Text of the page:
Montesequieu also anticipated the ideas of David Riesmann in his famous book The Lonely Crowd. In Book XIX Montesquieu discusses "Laws in relation to the principles which form the general spirit, the morals and customs of a nation".*** He notes that factors like climate, attitudes toward tyranny, religion, laws, morals and other factors influence "the spirit of mankind". He argues that nations ought to pass laws that fit their temperaments. In a puritanical nation with good character "no one ought to restrain their manners by laws, unless he would lay a constraint on their virtues." For instance, laws that reduce luxury or restrain women might cause the nation to "lose that peculiar taste which would be the source of the wealth of the nation, and that politeness which would render the country frequented by strangers." Thus, it is difficult to be rational with respect to law, and it is easiest to fit the temperament of the populace in designing law. Law should be avoided:

"Let them but leave us as we are, said a gentleman of a nation which had a very great resemblance to that we have been describing, and nature will repair whatever is amiss..our indiscretions joined to our good nature would make the laws which should constrain our sociability not at all proper for us."

If laws are necessary, they should build on existing patterns

One of the key attributes (Book XIX, section 8) is "effects of a sociable temper". This is analogous to Riesmann's other-directedness. Montesequieu writes:

"The more communicative a people are the more easily they change their habits, because each is in a greater degree a spectacle to the other, and the singularities of individuals are better observed. The climate which influences one nation to take pleasure in being communicative, makes it also delight in change, and that which makes it delight in change forms its taste.

"...the desire of pleasing others more than ourselves gives rise to fashions. This fashion is a subject of importance; by encouraging a trifling turn of mind, it continually increases the branches of its commerce."

Riesmann notes that the commercial centers are characterized by other-directedness while rural America is still inner- and tradition-directed. Likewise, David McClelland finds in his book Achieving Society that high achievers couple other-directedness with need for achievement. But McClelland was writing after America's greatest achievements were complete. The inner-directeds' achievements were in building a great nation, the other-directedness in consumption and mass communication. Other-directedness, as in Athens and likely Rome, are associated with decline after the inner-directeds have built their vision.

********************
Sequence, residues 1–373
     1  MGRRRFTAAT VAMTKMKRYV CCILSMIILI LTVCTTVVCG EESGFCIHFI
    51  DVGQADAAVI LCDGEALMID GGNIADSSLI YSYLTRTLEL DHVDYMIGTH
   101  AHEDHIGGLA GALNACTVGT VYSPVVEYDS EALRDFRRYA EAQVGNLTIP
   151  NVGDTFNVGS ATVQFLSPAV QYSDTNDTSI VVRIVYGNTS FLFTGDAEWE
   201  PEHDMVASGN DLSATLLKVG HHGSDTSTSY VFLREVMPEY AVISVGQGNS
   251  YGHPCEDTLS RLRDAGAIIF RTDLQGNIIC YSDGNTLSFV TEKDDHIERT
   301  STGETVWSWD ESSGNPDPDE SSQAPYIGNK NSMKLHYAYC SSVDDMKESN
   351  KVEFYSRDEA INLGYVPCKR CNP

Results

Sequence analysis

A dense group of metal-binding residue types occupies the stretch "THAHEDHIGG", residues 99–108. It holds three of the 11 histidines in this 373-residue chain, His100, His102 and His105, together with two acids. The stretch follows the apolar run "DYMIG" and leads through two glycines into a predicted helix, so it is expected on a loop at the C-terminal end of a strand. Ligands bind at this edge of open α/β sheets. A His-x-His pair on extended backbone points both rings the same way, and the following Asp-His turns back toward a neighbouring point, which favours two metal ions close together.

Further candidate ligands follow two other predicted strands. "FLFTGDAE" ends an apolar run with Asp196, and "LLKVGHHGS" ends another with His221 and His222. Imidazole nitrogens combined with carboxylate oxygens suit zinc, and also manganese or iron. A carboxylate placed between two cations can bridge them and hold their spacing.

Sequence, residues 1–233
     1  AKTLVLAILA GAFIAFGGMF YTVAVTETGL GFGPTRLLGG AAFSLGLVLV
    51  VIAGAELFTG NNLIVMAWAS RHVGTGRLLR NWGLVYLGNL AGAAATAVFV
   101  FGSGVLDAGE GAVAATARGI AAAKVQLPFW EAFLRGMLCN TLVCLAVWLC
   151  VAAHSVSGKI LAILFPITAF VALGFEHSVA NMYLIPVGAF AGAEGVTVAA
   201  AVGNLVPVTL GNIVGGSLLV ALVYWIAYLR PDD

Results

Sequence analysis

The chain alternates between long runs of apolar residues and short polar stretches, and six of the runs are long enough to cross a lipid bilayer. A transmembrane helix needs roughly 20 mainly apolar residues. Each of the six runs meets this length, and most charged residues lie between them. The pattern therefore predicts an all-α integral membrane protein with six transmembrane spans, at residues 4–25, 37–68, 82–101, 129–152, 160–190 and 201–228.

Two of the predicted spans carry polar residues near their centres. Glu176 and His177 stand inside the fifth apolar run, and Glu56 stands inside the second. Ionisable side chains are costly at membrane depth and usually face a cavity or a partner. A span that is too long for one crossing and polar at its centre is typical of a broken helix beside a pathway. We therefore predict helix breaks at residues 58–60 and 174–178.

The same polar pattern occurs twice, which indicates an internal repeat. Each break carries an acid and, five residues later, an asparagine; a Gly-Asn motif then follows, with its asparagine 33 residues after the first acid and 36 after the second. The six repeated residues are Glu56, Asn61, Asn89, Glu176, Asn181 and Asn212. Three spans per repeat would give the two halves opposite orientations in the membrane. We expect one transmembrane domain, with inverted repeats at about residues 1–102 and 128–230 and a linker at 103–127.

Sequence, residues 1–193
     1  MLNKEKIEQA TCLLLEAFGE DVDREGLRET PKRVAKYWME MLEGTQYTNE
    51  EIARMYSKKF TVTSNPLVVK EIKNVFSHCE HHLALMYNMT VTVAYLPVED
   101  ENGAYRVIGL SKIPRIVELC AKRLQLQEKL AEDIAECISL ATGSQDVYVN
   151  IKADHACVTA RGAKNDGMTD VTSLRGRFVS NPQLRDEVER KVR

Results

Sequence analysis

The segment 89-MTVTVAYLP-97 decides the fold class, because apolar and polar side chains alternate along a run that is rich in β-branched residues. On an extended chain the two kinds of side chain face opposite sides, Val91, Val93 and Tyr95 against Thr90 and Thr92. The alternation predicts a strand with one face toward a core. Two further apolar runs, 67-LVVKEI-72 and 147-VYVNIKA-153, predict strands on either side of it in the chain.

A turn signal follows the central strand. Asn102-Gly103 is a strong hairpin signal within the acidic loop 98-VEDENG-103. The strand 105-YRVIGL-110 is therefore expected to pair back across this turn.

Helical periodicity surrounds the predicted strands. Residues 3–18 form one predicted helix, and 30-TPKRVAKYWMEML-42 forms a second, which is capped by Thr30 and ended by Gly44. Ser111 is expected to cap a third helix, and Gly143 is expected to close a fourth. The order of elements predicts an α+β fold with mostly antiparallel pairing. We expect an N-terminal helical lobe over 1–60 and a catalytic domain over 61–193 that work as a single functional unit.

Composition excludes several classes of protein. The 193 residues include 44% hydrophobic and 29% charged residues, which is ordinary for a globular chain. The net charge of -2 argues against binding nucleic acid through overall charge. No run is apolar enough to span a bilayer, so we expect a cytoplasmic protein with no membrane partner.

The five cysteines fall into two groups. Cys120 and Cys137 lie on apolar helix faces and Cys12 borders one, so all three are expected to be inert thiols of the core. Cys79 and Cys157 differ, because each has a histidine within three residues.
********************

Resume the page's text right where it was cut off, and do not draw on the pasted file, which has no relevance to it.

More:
Montesquieu anticipated 20th century arguments such as Walter Lippmann's claim that the public is incapable of rational democratic decision; Mancur Olson's and George Stigler's claim that in a democracy special interest groups tend to organize along economic contours and extract rents from the public; and James March and Herbert Simon's claim that boundaries on rationality inhibit firms from thinking strategically or clearly.

Montesquieu notes the link between commerce and communication.++ It is likely that other-directedness is most advantageous where coordination is more important, i.e., in large firms and in interpersonally driven-tasks involving diplomacy or sales.

He adds:

"The effects of commerce is riches; the consequences of riches, luxury; and that of luxury the perfection of the arts. We find that the arts were carried to great perfection in the time of Semiramis; which is a sufficient indication that a considerable commerce

This is seen in his claim that the necessities of state and those of the taxpayers need to be balanced in assaying taxes, but that few politicians have "the wisdom and prudence" to limit tax levels.+ The wisdom required in a very large state is greater than the wisdom required in a small one. Much as Coase argued that there are limits to economies of scale, so Montesquieu argued, 220 years before Coase, that there are limits to the advantages of the scale of nations.

*Montesquieu, The Spirit of Laws. New York Prometheus Books, 2002. Translation originally published in New York by the Colonial Press, 1900, p. 120.
**Ibid., Book XVII, section 6, p. 269.
***Ibid., p. 292
+Ibid., p. 207
++Ibid., p. 334.